Last Wednesday, on the second anniversary of George Floyd’s death, President Biden unveiled a long-awaited executive order to overhaul the police in the United States.
As my colleagues noted at the time, the final text of the order reflected “the balancing act the president is trying to navigate on policing” — between progressive activists demanding greater constraints on the use of force, police groups seeking to limit the scope of change, and Republicans who see rising crime as a winning political issue. It was the product of delicate coalition politics — more than 120 meetings over more than 100 hours, according to the White House.
But all that balancing work, which has won praise from groups as disparate as the NAACP, the ACLU and the Fraternal Order of Police, has masked an enduring divide between Democrats that the slaughter of 19 children and two teachers in Uvalde, Texas, tore. open: Should America invest more in its police or redirect funding and attention elsewhere?
Where the consensus on the left is collapsing
When it comes to how to protect children in schools, the national debate bears many hallmarks of the country’s disagreements over policing and falls into many of the same ruts.
After the Texas shooting, Democrats immediately called for a ban on military-style rifles and high-capacity magazines, tempered by pessimism that few or no Republicans would support anything beyond enhanced background checks and red flag laws. Most Democrats agree on that.
Democrats have also universally ridiculed Republican arguments, led in recent days by Senator Ted Cruz of Texas, that the answer to mass school shootings is “gunned good guys stopping gunned bad guys” – not a ban on AR-15s.
“Why these types of weapons are available to citizens is beyond me,” said former Philadelphia mayor Michael Nutter. “And no one has ever been able to give a legitimate reason or rationale for that.”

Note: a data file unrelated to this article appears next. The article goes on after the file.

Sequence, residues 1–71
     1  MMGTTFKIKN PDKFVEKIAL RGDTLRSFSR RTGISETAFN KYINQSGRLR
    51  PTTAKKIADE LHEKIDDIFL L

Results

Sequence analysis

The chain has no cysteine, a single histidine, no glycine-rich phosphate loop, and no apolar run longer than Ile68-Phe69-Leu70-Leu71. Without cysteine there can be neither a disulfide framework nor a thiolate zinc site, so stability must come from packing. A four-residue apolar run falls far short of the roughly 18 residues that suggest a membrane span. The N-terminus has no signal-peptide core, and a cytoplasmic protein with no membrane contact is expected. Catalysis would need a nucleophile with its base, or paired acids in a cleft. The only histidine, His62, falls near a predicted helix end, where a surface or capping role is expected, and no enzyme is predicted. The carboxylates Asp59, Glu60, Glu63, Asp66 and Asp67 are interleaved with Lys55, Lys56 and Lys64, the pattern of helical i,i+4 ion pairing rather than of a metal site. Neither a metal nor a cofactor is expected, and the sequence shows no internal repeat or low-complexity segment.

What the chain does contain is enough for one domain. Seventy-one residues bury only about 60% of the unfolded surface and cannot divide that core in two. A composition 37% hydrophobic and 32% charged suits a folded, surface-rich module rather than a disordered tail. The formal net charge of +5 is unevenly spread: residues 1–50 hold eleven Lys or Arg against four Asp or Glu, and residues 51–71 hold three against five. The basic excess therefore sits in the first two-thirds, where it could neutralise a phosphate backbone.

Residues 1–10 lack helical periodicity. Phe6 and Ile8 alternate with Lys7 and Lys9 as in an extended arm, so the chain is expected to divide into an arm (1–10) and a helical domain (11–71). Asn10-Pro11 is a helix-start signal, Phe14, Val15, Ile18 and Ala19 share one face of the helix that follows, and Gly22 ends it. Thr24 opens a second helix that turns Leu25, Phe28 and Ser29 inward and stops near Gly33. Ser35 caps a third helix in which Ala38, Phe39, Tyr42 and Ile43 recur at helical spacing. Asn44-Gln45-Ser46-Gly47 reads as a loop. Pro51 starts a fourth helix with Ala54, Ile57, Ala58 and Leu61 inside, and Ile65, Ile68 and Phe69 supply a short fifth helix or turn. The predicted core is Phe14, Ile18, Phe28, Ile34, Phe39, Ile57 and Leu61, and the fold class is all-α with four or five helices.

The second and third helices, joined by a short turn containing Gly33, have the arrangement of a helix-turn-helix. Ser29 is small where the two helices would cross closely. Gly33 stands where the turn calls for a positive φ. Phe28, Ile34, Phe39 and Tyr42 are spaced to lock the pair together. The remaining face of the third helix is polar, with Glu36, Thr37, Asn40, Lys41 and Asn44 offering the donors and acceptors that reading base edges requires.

But then the consensus among Democrats begins to crumble.
Speaking on behalf of many on the left, Rep. Alexandria Ocasio-Cortez, Democrat of New York, noted in a Tweeter that the Uvalde School District had “its own police force” but failed to stop the massacre. “After decades of mass shootings, there is still no evidence that the police have the ability to stop them from happening,” she wrote. “Gun safety and other policies can.”
That’s not what the White House says. Centrist Democrats, led by Biden, have pushed since taking power to give more resources to police departments – and have distanced themselves sharply from calls after the killing of George Floyd to defund police departments.
The president’s pandemic relief plan, the US Bailout, directed $10 billion in federal spending toward public safety. During his State of the Union address in March, the President pounded on the lectern, saying, “We should all agree that the answer is not to defund the police. It’s to fund the police. Fund them. Fund them.
The federal government has also invested millions in strengthening school defenses. In April, the Department of Justice announced $53 million in new funding to improve school safety across the country, in addition to nearly $64.7 million for proposals to prevent and respond to violent episodes.
“We are going to see more cops in the schools”